Just days after Indian and Chinese soldiers clashed with each other in two separate incidents earlier this month in the Sikkim and Ladakh sectors resulting in injuries to troops on both sides, the United States on Wednesday described it as “Chinese aggression” and “provocative and disturbing behaviour by China”, adding that it is a “reminder of the threat posed by China”.
The incident in north Sikkim had taken place on May 9 while that in eastern Ladakh had taken place on the intervening night of May 5-6. In both incidents, aggressive Chinese People’s Liberation Army (PLA) patrols were stopped by Indian troops inside Indian territory that China claims as its own.
Ms Alice G. Wells, the US principal deputy assistant secretary of the bureau of South and Central Asian affairs, said, “It’s a reminder that Chinese aggression is not always just rhetorical. Whether it is in the South China Sea or whether it’s along the border with India, we continue to see provocations and disturbing behaviour by China that raises questions about how China seeks to use its growing power. And that is why you have seen a rallying of like-minded nations, whether it’s through Asean, or through other diplomatic groupings — the trilateral the US has with Japan and India, the Quadrilateral with Australia (and US, Japan and India). The border disputes are a reminder of the threat posed by China.”
Meanwhile, according to media reports, in a statement released on Tuesday in Mandarin, the Chinese foreign ministry in Beijing referred to the recent clash in Sikkim, claiming that “the Indian Army has crossed the line across the western section of the Sino-Indian border and the Sikkim section to enter Chinese territory”.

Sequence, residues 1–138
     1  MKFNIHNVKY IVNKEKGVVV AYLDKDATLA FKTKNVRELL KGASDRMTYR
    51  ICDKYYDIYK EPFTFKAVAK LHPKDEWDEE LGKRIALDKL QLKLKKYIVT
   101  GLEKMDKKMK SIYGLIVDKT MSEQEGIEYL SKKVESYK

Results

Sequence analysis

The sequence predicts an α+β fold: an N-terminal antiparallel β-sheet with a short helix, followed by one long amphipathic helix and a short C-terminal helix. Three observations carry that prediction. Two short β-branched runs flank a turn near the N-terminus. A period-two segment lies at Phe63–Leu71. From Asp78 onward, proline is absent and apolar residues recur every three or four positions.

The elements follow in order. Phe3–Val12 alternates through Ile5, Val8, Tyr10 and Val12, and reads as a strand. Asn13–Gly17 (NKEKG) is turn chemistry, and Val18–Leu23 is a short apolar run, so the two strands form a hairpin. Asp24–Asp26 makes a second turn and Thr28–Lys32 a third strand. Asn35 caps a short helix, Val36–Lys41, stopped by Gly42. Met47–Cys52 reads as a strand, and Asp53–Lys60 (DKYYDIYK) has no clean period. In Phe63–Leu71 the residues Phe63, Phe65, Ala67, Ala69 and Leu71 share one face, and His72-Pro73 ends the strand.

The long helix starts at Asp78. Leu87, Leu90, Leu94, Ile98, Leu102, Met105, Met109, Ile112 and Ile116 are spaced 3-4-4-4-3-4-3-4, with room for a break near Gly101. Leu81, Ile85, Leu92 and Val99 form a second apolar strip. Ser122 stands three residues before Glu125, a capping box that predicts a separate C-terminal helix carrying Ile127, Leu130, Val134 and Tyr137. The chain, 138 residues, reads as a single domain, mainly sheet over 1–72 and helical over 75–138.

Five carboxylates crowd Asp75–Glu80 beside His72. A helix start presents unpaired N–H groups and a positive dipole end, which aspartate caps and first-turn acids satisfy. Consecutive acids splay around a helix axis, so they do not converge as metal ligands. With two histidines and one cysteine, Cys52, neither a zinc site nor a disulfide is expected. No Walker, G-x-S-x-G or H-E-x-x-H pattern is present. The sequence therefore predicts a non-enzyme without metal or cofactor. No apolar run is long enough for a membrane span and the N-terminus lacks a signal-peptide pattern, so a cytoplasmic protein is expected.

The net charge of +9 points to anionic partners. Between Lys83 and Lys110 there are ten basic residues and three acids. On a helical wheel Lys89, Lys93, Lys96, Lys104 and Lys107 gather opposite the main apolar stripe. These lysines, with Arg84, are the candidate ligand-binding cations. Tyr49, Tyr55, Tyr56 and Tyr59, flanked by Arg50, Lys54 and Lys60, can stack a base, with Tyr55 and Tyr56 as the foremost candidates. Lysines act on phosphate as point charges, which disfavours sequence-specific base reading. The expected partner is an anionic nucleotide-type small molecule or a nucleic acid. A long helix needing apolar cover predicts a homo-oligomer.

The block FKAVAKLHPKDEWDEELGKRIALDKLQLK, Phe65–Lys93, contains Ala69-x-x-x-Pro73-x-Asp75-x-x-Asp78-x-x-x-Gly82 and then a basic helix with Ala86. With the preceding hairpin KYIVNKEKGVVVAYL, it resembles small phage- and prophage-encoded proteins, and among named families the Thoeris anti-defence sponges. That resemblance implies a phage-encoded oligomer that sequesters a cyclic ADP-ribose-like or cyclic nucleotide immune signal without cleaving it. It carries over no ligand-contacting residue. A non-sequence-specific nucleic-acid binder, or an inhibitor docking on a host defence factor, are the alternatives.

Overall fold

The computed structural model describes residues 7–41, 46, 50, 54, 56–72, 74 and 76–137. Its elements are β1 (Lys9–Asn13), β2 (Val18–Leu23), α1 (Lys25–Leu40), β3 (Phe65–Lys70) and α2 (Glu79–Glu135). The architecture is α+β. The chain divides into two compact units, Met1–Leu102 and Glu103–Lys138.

The statement also reportedly added that the Chinese side had taken up the matter with India, asking the Indian side to “immediately withdraw the personnel across the line, restore the status quo of the relevant areas, strictly restrict the frontline troops, observe the important consensus reached by the leaders of the two countries and the agreements signed by the two sides, and jointly maintain peace and stability in the border areas.”
It may be recalled that New Delhi had recently said it “remains committed to the objective of maintaining peace and tranquility in the India-China border areas”, adding that occasionally, “situations have arisen on the ground that could have been avoided if we (both sides) had a common perception of the Line of Actual Control (LAC)”.
India had added, “The Indian side remains committed to the objective of maintaining peace and tranquility in the India-China border areas. The two sides have established mechanisms to resolve such situations as and when they arise including Border Personnel Meeting, Flag Meetings, and Working Mechanism for Consultation & Coordination on India-China Border Affairs as well as diplomatic channels.”
New Delhi had further said, “Prime Minister Narendra Modi and Chinese President Xi Jinping in their informal Summits in Wuhan (2018) and in Chennai (2019) had reaffirmed that both sides will continue to make efforts to ensure peace and tranquility in the border areas. This is essential for the overall development of the bilateral relations. The two leaders had also directed their militaries to earnestly implement various confidence building measures agreed upon between the two sides, including the principle of mutual and equal security, and strengthen existing institutional arrangements and information sharing mechanisms to prevent incidents in border regions.”